Musician protecting his hearing from hearing loss.

When your favorite song comes on the radio, do you find yourself cranking up the volume? Many people do that. There’s something visceral about pumping up the music. And it’s fun. But there’s one thing you should know: there can also be considerable damage done.

In the past we weren’t conscious of the relationship between music and hearing loss. That has a lot to do with volume (both in terms of sound intensity and the number of listening sessions in a day). And it’s one of the reasons that countless of today’s musicians are changing their tune to save their hearing.

Musicians And Hearing Loss

It’s a rather famous irony that, later in life, classical composer Ludwig van Beethoven was hard of hearing. He was only able to hear his compositions in his head. On one occasion he even needed to be turned around so he could see the thunderous applause from his audience because he wasn’t able to hear it.

Beethoven might be the first and most famous example of the deaf musician, but he definitely isn’t the last. In fact, a far more recent generation of rock musicians, all famous for turning their speakers (and performances) up to 11–are now going public with their personal hearing loss experiences.

From Eric Clapton to Neil Diamond to will.i.am, the stories all sound amazingly similar. Musicians spend a huge amount of time dealing with crowd noise and loud speakers. Significant damage including tinnitus and hearing loss will eventually be the result.

Not a Musician? Still a Problem

You might think that because you’re not personally a rock star or a musician, this may not apply to you. You don’t have millions of adoring fans screaming for you (usually). And you don’t have massive amplifiers behind you daily.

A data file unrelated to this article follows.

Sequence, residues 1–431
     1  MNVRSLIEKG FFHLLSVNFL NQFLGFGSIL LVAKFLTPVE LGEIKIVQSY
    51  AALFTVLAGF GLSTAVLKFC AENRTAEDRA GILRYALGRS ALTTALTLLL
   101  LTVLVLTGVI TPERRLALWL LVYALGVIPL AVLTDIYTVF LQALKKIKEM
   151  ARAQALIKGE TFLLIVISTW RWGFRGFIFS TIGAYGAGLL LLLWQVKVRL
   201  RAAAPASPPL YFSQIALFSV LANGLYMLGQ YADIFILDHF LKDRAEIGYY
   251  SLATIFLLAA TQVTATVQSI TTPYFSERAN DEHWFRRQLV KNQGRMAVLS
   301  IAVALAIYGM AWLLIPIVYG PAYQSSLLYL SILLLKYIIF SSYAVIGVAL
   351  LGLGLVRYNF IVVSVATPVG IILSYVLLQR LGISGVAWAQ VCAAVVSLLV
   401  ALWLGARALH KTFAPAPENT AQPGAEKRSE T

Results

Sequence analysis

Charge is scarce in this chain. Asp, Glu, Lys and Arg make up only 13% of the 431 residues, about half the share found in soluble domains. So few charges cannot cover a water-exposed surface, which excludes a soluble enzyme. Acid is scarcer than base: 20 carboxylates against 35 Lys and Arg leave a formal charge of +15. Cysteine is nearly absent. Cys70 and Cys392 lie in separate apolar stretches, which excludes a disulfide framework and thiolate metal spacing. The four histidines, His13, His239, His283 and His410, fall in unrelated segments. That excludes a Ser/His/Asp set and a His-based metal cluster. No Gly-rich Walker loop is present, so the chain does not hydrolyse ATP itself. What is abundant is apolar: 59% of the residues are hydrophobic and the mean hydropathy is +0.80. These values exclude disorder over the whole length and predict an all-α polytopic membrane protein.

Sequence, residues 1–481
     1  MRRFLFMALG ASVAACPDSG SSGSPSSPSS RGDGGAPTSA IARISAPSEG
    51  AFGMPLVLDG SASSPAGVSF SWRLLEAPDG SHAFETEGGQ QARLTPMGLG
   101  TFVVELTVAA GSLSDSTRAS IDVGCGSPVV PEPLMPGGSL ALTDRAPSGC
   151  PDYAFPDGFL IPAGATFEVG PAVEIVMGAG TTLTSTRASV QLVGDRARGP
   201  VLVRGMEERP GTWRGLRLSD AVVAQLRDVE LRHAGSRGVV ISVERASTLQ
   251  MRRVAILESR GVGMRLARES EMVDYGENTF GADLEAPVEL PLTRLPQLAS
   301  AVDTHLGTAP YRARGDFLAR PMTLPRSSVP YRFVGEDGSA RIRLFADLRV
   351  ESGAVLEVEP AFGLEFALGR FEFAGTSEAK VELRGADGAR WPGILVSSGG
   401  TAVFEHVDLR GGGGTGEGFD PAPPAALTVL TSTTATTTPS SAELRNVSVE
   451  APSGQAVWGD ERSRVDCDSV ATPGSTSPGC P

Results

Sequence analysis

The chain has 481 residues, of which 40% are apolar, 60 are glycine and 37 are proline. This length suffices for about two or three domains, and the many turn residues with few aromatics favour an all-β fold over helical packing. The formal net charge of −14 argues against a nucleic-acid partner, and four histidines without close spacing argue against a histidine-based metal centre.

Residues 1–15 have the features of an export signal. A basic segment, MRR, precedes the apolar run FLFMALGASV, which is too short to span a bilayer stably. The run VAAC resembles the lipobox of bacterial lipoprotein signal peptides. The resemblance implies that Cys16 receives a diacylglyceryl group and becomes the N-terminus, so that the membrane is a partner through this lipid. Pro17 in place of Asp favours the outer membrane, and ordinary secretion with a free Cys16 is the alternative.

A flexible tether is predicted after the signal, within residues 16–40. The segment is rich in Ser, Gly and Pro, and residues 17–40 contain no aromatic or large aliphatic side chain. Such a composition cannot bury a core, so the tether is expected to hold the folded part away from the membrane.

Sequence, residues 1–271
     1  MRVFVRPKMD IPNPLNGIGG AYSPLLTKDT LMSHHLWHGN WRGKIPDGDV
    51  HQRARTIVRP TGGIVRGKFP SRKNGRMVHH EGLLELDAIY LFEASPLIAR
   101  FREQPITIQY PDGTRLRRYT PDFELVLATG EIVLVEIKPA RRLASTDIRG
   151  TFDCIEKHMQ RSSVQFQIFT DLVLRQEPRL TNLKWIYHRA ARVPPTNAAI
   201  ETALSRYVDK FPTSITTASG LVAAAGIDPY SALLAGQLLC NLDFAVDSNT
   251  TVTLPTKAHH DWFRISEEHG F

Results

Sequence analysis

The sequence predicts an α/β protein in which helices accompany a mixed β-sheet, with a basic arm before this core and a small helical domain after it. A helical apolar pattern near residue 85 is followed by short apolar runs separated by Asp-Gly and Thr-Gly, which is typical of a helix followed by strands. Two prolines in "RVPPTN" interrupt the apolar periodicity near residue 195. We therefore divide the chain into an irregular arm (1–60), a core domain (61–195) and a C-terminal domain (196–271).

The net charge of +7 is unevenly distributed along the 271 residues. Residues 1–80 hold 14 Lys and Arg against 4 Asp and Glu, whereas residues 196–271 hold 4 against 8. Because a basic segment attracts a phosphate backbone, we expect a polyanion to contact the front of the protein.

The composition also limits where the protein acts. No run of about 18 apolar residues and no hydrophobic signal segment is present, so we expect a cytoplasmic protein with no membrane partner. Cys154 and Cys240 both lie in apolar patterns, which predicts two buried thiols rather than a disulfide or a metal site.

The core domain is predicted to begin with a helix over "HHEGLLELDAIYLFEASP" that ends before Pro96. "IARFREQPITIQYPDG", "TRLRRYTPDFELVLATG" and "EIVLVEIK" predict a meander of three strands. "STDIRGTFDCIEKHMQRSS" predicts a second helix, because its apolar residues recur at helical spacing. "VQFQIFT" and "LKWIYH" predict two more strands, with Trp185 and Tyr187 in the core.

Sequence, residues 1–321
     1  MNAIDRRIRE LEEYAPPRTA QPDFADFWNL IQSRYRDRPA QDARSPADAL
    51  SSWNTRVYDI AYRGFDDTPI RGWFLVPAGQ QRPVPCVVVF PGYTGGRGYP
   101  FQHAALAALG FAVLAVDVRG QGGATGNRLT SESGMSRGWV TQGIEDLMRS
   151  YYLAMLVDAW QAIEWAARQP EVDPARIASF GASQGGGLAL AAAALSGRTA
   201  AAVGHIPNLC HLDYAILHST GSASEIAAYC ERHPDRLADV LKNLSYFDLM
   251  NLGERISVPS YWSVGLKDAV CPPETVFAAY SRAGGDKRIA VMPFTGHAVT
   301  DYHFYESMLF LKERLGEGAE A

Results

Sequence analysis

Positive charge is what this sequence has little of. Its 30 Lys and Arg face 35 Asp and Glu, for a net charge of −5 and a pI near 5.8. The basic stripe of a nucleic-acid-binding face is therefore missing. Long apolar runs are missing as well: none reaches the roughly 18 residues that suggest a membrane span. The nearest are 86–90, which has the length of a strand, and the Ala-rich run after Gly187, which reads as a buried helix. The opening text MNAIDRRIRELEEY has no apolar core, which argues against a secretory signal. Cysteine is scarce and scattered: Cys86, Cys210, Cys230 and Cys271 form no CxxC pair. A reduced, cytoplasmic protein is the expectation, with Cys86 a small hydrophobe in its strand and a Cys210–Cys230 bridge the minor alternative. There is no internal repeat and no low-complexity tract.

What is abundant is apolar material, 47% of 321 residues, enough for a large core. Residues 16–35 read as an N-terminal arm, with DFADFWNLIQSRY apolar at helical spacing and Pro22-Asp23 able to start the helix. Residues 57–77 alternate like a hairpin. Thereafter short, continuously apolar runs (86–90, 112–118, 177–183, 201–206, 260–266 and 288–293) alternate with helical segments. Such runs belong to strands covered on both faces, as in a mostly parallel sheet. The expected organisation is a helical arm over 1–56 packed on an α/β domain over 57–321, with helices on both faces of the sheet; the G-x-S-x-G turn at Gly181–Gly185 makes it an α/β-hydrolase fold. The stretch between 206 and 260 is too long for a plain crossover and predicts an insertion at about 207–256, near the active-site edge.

But your favorite playlist and a pair of earbuds are things you do have. And there’s the concern. Thanks to the contemporary features of earbuds, pretty much everyone can experience life like a musician, flooded by sound and music at way too high a volume.

This one little thing can now become a serious problem.

So When You’re Listening to Music, How Can You Protect Your Ears?

So, first we need to admit there’s a problem (that’s usually the first step, but it’s especially true in this case). People are putting their hearing in danger and have to be made aware of it (particularly more impressionable, younger people). But you also need to take some other steps too:

  • Control your volume: Some modern smartphones will let you know when you’re going beyond safe limits on volume. You should adhere to these warnings if you care about your long-term hearing.
  • Use earplugs: Wear earplugs when you go to a concert or any other live music show. Your experience won’t be lessened by using ear plugs. But they will protect your ears from the most harmful of the damage. (And don’t assume that using hearing protection will make you uncool because it’s what most of your favorite musicians are doing.).
  • Get a volume-monitoring app: You may not realize just how loud a rock concert or music venue is. It can be useful to get one of a few free apps that will provide you with a volume measurement of your environment. As a result, when harmful levels are reached you will be aware of it.

Limit Exposure

In many ways, the math here is quite straight forward: the more often you put your ears at risk, the more significant your hearing loss later in life could be. Eric Clapton, for instance, has completely lost his hearing. If he knew, he probably would have started protecting his ears sooner.

The best way to reduce your damage, then, is to reduce your exposure. For musicians (and for individuals who happen to work at music venues), that can be a challenge. Part of the solution is wearing ear protection.

But everyone would be a little better off if we just turned down the volume to reasonable levels.

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